For fans of: Taylor Swift, Chappell Roan

Florida-raised, LA-based singer-songwriter Gatlin’s latest EP I Sleep Fine Now is an emotional exploration of the stages of grief. “You’re laughing in the face of someone who tried / That was my crime / Trying to love someone who’s dead inside,” she snarls on the gut-punching project highlight “How Do You Sleep At Night?”

Check out: “Really Funny,” “How Do You Sleep At Night?”

The album that made her feel seen:

This is basic as f*ck, but Lady Gaga’s Born This Way was just it for me. I was in middle school, still in my conservative, religious bubble where Lady Gaga was considered taboo. But I just gravitated to it and desired to be that free. Then as I started releasing music in college — as well as really stepping into my queerness — that was an album that allowed me to embrace all of my extra-ness.
Obviously “Born This Way” is such a gay anthem that makes me feel like I can conquer the whole ass world while crying and wearing my tallest pair of platform boots, but I also saw myself in “You and I” because of its hint of country twang.

Alto Moon

For fans of: Usher, Pharrell Williams

Inspired by the Afrofuturism aesthetic of artists like Janet Jackson and Janelle Monae, Atlanta-based Alto Moon’s Supernova is a forward-thinking pop album. Rather than catering to the drowsy, lackadaisical sound running rampant on editorial playlists, the singer-songwriter opted for a high-energy, electronic sound.

Check out: “Slide,” “Move”

The album that made him feel seen:

In the summer before my junior year of high school, I listened to the early leak of Frank Ocean’s Channel Orange. I vividly remember laying down and pretending to understand the metaphors in his lyrics, but I sat up when I heard the lyrics, “Forrest Gump, you run my mind boy.” It was the first time I heard a direct proclamation of admiration for a man, from the voice of another man — especially a black man — in an R&B song. From then on, I realized queer music wasn’t exclusively fast BPMs and club 808s. It could be soft, honest, look like me and sound like me.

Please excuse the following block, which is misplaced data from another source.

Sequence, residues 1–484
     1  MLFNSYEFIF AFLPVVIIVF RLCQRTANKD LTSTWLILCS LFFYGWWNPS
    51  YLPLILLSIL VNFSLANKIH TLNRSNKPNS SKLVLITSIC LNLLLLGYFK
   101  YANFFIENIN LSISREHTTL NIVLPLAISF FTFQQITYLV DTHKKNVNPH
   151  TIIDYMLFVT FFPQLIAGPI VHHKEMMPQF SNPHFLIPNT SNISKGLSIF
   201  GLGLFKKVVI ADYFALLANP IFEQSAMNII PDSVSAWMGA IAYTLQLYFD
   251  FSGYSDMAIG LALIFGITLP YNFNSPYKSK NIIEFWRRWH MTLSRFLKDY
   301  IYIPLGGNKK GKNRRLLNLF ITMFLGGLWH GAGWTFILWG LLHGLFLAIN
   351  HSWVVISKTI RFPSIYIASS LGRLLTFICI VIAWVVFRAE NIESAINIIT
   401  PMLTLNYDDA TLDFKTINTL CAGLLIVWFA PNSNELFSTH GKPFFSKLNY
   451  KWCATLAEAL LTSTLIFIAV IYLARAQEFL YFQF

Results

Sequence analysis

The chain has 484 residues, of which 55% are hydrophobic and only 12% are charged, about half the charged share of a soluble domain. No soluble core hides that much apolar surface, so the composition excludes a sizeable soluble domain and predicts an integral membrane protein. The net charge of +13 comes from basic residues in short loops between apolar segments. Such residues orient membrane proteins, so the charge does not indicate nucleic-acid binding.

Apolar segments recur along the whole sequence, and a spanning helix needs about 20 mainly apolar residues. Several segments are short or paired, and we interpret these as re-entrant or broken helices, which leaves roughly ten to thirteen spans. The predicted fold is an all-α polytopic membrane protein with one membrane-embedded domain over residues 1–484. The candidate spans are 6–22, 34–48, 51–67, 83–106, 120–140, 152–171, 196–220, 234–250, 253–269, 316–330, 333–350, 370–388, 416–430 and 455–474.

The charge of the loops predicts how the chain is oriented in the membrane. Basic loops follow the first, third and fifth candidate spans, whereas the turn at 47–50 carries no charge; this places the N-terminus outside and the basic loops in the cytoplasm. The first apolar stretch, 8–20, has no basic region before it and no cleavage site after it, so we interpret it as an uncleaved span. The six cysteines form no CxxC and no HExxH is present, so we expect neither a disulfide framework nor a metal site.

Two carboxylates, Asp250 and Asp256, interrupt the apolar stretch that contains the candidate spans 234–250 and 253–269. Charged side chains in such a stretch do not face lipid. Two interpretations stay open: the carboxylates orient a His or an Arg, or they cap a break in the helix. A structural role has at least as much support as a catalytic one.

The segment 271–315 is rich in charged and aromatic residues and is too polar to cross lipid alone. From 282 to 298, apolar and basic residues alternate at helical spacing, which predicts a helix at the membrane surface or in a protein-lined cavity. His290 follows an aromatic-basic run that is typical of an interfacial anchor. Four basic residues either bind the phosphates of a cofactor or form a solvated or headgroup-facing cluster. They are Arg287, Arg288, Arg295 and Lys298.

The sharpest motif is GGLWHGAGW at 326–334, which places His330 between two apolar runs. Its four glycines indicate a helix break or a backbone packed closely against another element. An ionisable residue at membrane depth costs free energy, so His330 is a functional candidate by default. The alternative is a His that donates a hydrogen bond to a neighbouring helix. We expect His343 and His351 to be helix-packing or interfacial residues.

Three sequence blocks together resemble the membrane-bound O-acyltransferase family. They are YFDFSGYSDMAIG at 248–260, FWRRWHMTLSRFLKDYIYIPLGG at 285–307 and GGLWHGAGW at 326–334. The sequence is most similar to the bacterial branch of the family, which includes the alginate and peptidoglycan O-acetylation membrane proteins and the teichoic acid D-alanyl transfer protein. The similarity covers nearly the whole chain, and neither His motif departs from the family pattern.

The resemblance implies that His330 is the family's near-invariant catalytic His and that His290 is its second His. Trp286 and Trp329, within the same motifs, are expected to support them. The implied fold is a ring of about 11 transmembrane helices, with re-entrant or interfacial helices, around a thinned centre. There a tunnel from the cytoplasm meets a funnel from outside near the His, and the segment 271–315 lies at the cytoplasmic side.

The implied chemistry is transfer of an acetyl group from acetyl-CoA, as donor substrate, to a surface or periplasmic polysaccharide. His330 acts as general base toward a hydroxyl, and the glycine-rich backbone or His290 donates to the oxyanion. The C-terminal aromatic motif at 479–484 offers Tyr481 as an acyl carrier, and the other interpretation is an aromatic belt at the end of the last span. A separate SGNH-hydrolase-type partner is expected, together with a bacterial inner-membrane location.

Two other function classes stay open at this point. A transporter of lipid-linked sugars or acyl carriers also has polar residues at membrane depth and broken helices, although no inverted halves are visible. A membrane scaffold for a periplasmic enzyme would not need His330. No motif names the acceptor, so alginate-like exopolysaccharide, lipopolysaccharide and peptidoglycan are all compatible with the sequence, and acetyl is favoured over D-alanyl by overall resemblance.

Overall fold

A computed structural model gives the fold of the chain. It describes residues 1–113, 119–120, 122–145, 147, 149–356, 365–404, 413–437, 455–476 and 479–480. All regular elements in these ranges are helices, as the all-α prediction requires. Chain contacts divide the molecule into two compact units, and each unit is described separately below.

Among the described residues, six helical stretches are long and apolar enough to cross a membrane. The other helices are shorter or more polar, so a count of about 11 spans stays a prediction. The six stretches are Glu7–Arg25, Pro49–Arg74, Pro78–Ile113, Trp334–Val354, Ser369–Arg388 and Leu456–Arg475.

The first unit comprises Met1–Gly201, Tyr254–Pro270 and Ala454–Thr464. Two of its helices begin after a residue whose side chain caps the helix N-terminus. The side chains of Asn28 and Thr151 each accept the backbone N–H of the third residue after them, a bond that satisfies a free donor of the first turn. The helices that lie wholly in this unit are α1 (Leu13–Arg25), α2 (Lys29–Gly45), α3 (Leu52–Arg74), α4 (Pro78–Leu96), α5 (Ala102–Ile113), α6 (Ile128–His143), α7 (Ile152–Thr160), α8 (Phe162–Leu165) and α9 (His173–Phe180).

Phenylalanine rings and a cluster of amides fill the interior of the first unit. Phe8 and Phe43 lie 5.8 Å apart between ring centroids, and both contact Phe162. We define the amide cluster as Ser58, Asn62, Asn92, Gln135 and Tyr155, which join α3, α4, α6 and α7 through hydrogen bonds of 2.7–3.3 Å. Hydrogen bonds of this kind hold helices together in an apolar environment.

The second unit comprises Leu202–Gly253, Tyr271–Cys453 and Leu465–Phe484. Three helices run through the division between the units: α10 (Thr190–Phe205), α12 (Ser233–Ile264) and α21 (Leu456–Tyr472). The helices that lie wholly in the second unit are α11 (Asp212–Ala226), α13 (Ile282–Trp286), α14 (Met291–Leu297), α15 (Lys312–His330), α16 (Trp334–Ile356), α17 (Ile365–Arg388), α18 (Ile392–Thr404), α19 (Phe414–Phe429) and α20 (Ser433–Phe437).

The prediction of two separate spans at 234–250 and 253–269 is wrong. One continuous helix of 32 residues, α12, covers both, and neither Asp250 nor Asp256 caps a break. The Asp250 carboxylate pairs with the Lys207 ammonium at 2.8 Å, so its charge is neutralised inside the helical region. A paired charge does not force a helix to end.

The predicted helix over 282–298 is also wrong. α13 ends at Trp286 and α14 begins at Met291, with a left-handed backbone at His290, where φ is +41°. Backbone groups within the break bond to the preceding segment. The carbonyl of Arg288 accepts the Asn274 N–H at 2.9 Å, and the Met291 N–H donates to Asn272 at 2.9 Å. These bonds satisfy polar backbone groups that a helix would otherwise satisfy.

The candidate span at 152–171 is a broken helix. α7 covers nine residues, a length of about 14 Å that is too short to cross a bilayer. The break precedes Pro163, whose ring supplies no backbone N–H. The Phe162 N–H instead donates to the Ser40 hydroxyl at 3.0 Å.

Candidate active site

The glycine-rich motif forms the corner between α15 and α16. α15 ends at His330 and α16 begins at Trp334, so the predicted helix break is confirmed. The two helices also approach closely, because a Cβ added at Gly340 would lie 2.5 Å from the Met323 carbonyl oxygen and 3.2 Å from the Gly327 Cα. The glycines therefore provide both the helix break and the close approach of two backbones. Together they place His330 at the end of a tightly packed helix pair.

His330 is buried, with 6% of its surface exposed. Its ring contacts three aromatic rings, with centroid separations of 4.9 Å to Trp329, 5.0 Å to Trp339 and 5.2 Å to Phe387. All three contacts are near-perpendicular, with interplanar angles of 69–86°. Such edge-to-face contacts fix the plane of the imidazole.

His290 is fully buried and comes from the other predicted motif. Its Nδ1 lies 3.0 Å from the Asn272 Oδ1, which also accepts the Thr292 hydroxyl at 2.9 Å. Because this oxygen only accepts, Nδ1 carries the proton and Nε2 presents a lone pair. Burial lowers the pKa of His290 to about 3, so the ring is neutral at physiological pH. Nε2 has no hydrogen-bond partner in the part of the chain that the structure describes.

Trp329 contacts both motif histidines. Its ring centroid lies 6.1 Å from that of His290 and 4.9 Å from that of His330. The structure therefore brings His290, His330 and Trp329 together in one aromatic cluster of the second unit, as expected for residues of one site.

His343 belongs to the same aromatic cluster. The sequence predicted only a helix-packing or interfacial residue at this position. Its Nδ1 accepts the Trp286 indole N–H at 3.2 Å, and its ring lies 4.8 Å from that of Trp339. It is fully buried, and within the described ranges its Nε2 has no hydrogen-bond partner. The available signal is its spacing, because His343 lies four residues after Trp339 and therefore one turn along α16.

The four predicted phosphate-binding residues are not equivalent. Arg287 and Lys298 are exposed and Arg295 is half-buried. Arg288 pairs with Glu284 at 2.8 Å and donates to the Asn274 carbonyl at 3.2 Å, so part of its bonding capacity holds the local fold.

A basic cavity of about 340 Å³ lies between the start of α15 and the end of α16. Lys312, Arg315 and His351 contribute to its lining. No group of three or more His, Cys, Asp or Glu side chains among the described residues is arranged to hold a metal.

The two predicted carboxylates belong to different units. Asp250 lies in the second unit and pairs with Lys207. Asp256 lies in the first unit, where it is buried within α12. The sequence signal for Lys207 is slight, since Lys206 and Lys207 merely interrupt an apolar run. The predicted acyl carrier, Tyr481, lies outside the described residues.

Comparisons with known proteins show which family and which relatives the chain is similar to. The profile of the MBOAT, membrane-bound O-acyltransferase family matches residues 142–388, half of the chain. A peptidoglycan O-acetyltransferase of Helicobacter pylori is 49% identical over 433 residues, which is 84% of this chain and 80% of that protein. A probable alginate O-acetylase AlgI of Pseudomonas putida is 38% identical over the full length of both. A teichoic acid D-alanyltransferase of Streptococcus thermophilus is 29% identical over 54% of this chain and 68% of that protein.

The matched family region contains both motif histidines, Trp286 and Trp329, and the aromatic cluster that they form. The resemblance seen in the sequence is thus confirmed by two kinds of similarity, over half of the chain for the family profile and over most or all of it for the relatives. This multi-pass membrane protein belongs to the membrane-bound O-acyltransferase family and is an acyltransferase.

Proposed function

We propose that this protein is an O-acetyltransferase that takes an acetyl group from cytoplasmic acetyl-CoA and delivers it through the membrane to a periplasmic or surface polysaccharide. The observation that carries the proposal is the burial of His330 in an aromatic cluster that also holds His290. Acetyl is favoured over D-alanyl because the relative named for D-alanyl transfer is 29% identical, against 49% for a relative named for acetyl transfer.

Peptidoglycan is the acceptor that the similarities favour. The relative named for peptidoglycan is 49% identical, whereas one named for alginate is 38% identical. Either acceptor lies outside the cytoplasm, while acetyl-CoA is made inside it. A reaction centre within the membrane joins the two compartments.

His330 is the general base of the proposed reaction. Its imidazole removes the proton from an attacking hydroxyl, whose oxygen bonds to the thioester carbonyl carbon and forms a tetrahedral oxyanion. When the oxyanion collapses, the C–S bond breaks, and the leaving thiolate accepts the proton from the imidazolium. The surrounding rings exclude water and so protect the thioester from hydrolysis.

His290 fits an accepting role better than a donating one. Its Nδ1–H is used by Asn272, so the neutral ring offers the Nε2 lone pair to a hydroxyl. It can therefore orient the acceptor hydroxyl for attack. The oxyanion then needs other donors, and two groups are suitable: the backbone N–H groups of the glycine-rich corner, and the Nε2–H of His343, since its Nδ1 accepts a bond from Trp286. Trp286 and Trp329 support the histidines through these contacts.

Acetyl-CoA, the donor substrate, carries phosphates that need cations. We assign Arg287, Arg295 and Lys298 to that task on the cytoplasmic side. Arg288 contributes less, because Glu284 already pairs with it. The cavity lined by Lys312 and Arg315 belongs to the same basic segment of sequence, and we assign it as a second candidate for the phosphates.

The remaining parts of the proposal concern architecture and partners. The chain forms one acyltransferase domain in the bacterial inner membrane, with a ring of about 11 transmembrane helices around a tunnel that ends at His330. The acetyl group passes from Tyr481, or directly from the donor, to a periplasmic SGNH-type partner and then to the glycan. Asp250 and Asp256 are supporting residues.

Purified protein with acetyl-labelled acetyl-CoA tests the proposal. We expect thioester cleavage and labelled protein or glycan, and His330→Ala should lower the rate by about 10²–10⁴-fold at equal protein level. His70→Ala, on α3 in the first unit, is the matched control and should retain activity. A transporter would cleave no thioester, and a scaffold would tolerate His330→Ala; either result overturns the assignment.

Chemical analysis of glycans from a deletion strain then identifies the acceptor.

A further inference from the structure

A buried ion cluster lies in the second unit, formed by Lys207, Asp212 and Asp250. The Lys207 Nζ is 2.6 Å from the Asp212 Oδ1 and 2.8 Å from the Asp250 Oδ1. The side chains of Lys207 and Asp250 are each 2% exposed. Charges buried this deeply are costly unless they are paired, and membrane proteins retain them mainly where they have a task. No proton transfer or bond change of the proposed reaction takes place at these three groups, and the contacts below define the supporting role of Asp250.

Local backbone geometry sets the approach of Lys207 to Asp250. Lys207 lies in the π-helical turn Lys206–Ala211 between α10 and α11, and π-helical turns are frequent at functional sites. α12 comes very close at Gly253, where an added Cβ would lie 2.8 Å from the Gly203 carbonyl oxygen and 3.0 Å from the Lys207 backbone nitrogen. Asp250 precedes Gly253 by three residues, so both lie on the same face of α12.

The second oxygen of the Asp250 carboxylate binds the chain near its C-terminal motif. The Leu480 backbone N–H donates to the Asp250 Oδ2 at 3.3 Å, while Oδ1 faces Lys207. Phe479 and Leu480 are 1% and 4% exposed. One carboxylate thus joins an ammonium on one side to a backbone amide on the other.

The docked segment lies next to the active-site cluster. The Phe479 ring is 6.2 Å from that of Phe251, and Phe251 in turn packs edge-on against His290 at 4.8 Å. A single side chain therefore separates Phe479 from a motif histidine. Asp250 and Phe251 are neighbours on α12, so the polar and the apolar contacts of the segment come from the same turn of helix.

Zee Machine

For fans of: MUNA, Adam Lambert

While many up-and-coming artists are finding their audiences through TikTok, it takes a special kind of talent to convert casual viewers into ticket-buying fans. Such is not the case with pop maestro Zee Machine; thanks to their undeniable vocal chops and charismatic stage presence, their latest Los Angeles set sold out.

Check out: “Thunder,” “The Radio”

The album that made him feel seen:

I truly believe that Life In Cartoon Motion saved my love of pop music. Having emerged from a period of time where my iPod rotation was dominated by classic rock guitars and dense prog rock, Mika tore through that the moment he climbed his stratospheric falsetto in the verse of “Love Today.” There was a part of me that was almost afraid to give into the technicolor bombast that he brought to every song. Giving us more of a modern-day Freddie Mercury than we had ever seen, looking back this was the first time I opened myself up to unpretentious queer joy in music.

Kaleena Zanders

For fans of: CeCe Peniston, Calvin Harris

Singer-turned-DJ Kaleena Zanders’ catalog is a love letter to the ’90s house movement of her youth. Her soaring vocals have been featured on collaborations with dance heavyweights like Shift K3Y, Chris Lake, and Matroda, among others.

Check out: “Vibration,” “Me Without U”

The album that made her feel seen:

One album that woke me up to my queerness was Queen Latifah’s 1993 Black Reign. I had first seen her music video for “U.N.I.T.Y” on MTV and I was hooked. I was drawn to her confidence and butch-like presence. She reeked of girl power and a celebration of queerness in the best way, and for that I thank Queen Latifah for helping me understand myself at an early age.